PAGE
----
Blissed and Blessed: Advice for the Newly Married

September 21, 2010 at 10:45 pm Leave a comment

    I am either one of your best sources of marital advice or one of your worst. My emotionally chaotic early personal history suggests the latter, including as it did several mismatched spouses and little evidence that I was capable of learning from my own mistakes. But when God finally got exasperated enough to take me by the shoulders and march me in the direction of an eminently suitable former classmate at our 20 year high school reunion, it was the first wave in a sea change that swept through every element of my existence. It was also the first phase in a long-term relationship that last May marked its 23rd wedding anniversary. 

Having finally discovered what a blessing married life can be, you’d think I’d be a fount of profundity on the subject. Yet at my nephew’s wedding reception a few days ago, I told his bride how moved I was by the loving looks the couple shared during the ceremony, and she replied, “I just hope we’re still looking at each other like that years from now.” My response? “From what I’ve seen today, I’m imagine you will be.” 

How insipid! I might as well have said, “Well, based on appearances, your chances are pretty good.” What I should have had the presence of mind to say was, “That’s not up to chance, it’s up to you.” 

Settled into my easy chair later that evening, I indulged further in the luxury of hindsight and a few gems tumbled out of the treasure chest of experience.  I’ve gathered them here in an imaginary “wish I’d said” monologue, because it truly is all about making choices and setting priorities. “Loving” is itself a choice, not a fluttery feeling in your stomach. It’s a decision you make – and then remake every day of your lives together. 

Of course, the sooner you invite Christ into your marriage, the sooner you will discover what true wedded fulfillment can be. What it cannot be is some idyllic landscape where no arguing ever takes place, or where a 24/7 feeling of security and contentment exists. And what it cannot do is cradle you in a state of consistent rapture over everything your spouse says and does, or provide for having all of your wants and needs anticipated. 

It’s more about telling yourself, in those moments when the other one is being “impossible,” that you have your moments, too; about reminding yourself, when you want to run out the front door in tearful frustration, that we cause God that kind of heartache on a regular basis with our flares of temper, selfishness, foul language, or lust for material excess, yet He forgives His repentant children unconditionally. It’s about searching our own hearts for forgiveness, even before an issue has been resolved or any apologies have been proffered.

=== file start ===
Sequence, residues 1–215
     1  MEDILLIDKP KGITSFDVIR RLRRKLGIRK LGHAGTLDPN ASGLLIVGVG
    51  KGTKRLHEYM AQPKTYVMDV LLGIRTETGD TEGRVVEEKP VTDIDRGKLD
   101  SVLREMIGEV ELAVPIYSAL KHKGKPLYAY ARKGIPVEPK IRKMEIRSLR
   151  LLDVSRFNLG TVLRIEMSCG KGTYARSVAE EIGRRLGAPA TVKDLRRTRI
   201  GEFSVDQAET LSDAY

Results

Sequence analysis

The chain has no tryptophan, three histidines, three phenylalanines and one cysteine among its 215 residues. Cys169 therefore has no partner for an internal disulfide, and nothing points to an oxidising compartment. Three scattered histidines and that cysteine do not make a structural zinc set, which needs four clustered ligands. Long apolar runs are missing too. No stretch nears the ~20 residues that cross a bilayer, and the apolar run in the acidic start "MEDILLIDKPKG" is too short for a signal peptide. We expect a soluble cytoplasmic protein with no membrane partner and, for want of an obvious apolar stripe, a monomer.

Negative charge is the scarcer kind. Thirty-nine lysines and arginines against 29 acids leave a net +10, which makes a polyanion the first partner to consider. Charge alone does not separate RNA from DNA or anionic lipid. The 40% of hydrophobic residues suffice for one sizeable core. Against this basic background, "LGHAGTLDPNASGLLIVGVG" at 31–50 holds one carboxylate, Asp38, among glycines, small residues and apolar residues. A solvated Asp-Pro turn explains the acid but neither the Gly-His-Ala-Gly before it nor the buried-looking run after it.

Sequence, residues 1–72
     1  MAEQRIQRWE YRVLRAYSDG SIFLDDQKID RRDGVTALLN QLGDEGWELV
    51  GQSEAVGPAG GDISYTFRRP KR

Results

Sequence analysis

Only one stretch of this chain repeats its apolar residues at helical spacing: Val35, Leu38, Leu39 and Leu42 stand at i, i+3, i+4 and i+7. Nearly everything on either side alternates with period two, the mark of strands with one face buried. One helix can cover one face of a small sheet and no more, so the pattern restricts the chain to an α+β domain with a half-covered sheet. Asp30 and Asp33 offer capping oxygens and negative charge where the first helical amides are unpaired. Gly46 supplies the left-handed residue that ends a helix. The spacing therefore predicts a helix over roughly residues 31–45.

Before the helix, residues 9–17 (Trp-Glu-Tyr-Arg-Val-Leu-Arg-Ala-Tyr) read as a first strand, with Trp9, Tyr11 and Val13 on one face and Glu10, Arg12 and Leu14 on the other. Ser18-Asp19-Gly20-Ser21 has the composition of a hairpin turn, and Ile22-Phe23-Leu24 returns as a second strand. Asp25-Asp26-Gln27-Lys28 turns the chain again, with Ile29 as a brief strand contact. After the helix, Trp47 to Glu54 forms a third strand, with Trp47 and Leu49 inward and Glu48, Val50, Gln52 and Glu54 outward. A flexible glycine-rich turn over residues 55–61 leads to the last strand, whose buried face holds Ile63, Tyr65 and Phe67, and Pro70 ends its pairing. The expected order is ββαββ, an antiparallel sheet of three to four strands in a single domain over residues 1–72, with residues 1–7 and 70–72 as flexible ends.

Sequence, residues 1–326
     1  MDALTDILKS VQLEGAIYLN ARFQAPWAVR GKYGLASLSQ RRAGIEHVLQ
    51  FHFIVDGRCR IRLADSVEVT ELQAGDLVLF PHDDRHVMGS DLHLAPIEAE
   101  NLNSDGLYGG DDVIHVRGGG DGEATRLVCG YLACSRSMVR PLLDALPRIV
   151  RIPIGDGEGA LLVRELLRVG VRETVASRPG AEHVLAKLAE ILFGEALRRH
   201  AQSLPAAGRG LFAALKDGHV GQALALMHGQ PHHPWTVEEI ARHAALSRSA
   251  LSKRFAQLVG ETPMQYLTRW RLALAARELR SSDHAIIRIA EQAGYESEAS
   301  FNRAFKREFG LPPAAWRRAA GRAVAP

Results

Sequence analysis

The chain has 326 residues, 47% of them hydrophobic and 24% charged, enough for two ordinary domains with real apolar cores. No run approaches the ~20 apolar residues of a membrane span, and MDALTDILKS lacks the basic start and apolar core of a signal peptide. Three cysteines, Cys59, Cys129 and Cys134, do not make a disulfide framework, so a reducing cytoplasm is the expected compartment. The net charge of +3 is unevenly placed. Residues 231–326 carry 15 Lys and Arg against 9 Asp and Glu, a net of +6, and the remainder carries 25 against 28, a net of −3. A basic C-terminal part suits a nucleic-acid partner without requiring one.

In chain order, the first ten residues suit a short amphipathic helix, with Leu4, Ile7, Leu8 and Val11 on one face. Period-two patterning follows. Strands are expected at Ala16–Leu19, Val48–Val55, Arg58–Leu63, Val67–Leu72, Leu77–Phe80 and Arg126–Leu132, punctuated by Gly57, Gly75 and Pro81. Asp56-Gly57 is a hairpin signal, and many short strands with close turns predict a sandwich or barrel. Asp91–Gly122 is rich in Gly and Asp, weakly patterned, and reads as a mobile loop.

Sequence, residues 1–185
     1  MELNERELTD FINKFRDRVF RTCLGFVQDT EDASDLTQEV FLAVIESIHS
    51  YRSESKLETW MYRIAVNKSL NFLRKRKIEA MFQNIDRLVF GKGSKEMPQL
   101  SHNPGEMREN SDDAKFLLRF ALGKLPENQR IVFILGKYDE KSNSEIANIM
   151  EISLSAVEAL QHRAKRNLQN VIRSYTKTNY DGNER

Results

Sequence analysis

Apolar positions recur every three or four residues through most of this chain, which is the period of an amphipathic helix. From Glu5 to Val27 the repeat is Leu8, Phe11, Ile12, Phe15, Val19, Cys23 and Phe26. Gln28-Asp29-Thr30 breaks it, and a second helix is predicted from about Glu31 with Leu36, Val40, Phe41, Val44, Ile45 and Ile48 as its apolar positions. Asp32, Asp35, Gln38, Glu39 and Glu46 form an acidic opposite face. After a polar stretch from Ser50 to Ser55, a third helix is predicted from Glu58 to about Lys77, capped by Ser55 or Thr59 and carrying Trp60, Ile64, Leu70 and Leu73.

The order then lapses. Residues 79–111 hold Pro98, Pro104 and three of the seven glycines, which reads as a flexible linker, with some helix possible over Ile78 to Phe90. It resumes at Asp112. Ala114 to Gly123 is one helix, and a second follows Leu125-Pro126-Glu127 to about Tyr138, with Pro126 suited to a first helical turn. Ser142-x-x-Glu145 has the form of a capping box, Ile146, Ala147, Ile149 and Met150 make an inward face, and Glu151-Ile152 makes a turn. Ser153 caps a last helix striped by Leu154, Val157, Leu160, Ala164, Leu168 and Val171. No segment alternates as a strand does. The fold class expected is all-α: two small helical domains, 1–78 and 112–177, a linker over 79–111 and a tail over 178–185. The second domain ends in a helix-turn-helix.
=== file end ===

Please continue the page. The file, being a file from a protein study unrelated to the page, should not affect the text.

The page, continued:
Your officiating minister somewhat incredibly stated that God’s greatest gift to the pair of you is each other. A nice sentiment, if he was thinking of earthly gifts, but it seems to me a rather self-centered view of the world. If you remember, always, that God’s Greatest Gift is the offering up of His only Son to die on the cross to purchase eternal life for you, then you have discovered a second Great Gift: the inspiring model of Christ’s spirit of compassion and self-sacrifice. 

Much is said today about taking care of yourself. Certainly, you’ll want to see to it that you stay healthy and fit, and you needn’t deny yourself in the process of over-indulging others. But according to Oswald Chambers, a prominent early 20th century Scottish minister, “God teaches self-expenditure not self-realization.” 

There is no better context for the application of that specific teaching than the marriage relationship. For if we become preoccupied with our own needs, we ironically deprive our spouses of that which we expect them to supply to us. You will have unmet expectations within a marriage. You must learn to express them, and then you must learn to sometimes be disappointed in the results of that discussion. But you will also learn that there are brilliantly illuminating alternate ways of looking at things, if you really listen to the feedback of a caring partner. 

Know that there is a grave danger in taking your needs outside of the marriage to be met. With Christ at your sides, walking with you, guiding your steps as a couple, the centerpiece of your life together, you will always have a trusted someone “in the family” to whom you can carry your burdens. 

Finally, don’t believe that giving freely of yourself is not possible without “giving yourself away.” Before you married, you were independent and self-supporting. Our spouses are an enriching factor in our lives, but they do not, as the movie cliché goes, “complete” us. Oh, but how they may “replete” us, making our lives more abundantly full. In return, we must teach ourselves to love selflessly, as if we were commanded to do so – because we are:

Love is patient and kind; love does not envy or boast; it is not arrogant or rude. It does not insist on its own way; it is not irritable or resentful; it does not rejoice at wrongdoing, but rejoices with the truth. Love bears all things, believes all things, hopes all things, endures all things.  1 Corinthians

You will never be perfect in your exercise of such devotion, but it is clear that when love becomes an action verb, that decision you are committed to making every day of your lives together, you can design for yourselves a future in which you will still be exchanging the same adoring looks “years from now.”


Entry filed under: Advice For Life. Tags: , , , , , , , , .

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